Turkey and the European Union, A Fading Dream?
Just before the European Union decided upon whether opening negotiations with Turkey or not (3 October 2005), during that Austrian veto threat or the “Vor Wien Syndrome” , and the diplomatic salvo, I was in Istanbul, walking through the city’s heart – Istiklal Stret. In every corner, in every little grocery, I saw people watching the news in hypnotised eyes. I do recall the time, it was around three o’clock , and I asked the shop keeper near the Cicek Passage, what happened? He said “everything is over” and turned off the TV. At the time, the news from Brussels were gloomy indeed. However, by the end of the day, after many negotiations and diplomatic arms twisting Turkey got the green light.
Many water have passed down the bridge from then on -Panta Rei… Nowadays, the European Union is getting ready to suspend relations in case of the AKP’s closure. Nevertheless, this will mean the victory of “anti-EU” coalition in Turkey. Here we have to remind that both the CHP and the MHP are harsh critics of the Europeanisation politics. The AKP, by sidelining its trump card of EU accession, in a way blocked its own ticket to salvation. Now, the AKP leadership which was accepted as the rising hope, is discussed as one failed leadership in the European Union corridors. The discussion over whether the “national order t-shirt” can be torn and burnt away as promised in many occasions also came to a near end. Erdogan in the aftermath of his election victory showed a helping hand to all, and declared to be the leader of all, but not one specific power group. However, this promise was well forgotten, like many others…Not Europe but Turkey and a Turkey under a new hegemony was the main target.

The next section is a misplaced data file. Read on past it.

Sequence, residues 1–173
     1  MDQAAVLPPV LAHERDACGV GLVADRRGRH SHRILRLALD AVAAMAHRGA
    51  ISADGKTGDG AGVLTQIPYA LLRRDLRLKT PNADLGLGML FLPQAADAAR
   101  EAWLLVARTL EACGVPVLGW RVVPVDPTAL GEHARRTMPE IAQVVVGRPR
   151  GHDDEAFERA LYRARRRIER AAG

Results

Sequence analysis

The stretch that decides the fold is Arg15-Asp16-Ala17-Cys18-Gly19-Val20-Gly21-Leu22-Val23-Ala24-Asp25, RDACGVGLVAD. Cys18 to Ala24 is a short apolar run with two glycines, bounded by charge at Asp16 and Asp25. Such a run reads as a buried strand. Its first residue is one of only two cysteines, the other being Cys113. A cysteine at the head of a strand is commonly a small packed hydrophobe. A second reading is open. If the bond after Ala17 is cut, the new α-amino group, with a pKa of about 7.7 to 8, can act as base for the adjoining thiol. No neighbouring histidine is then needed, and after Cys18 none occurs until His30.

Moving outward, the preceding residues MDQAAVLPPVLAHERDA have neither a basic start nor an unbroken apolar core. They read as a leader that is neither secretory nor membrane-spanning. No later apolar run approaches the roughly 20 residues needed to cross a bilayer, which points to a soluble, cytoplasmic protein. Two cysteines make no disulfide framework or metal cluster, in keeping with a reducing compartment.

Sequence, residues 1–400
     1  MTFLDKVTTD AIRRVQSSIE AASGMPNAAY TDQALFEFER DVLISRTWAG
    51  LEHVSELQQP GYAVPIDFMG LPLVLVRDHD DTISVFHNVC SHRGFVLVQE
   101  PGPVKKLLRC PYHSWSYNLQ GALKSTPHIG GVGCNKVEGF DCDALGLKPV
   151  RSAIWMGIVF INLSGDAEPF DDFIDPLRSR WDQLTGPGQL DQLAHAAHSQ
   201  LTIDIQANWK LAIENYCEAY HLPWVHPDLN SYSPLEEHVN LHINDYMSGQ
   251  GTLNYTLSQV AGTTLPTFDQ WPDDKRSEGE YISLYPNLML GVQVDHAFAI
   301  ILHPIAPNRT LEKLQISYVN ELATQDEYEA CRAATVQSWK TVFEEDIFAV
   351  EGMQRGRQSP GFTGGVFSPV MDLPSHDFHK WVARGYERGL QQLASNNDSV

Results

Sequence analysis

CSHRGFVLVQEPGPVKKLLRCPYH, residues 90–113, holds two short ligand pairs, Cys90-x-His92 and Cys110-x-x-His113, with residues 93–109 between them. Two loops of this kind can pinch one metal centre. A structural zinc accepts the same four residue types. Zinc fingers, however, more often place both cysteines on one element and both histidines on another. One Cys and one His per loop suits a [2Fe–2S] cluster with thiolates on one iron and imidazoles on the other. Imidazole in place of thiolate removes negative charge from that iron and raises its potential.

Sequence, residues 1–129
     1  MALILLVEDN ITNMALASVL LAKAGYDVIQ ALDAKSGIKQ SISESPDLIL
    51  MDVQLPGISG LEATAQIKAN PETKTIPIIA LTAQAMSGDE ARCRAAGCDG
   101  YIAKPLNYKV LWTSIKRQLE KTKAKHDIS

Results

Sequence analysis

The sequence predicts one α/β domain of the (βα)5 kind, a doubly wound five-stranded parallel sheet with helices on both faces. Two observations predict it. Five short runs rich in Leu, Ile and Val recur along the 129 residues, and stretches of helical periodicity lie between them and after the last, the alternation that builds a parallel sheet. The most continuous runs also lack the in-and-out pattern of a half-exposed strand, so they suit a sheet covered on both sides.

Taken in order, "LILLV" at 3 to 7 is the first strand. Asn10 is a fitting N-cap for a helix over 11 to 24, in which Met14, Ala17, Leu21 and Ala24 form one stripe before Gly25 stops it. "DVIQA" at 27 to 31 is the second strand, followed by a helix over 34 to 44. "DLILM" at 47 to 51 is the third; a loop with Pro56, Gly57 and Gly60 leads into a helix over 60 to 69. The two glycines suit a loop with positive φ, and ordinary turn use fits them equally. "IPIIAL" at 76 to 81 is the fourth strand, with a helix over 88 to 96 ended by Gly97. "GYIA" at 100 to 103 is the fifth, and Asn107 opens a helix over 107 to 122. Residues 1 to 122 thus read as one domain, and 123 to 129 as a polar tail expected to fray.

As Gramsci says, commenting on the hegemonic West European states, ” The State was only an outer ditch, behind which there stood a powerful system of fortresses and earthworks”(1). The Turkish state/society complex is by no means a hegemonic one, but one in which there is a constant struggle to achieve hegemony. However, this does not mean that the former bearers of power left no fortresses and earthworks within the domain. Erdogan’s AKP was well aware of this fact and systamtically targeted these, whether by taking it from inside, or sidelining by creating parallel institutions a la Özal. So was the European Union project of the AKP just a pawn in the game? or was it the main destination as stated, the dilemma is also by now the dilemma of the Turkey itself.
(1). Robert Cox: “Gramsci, Hegemony and International Relations: An Essay in method: Millennium: Journal of International Studies: Vol.12, No.2, pp.162-175.
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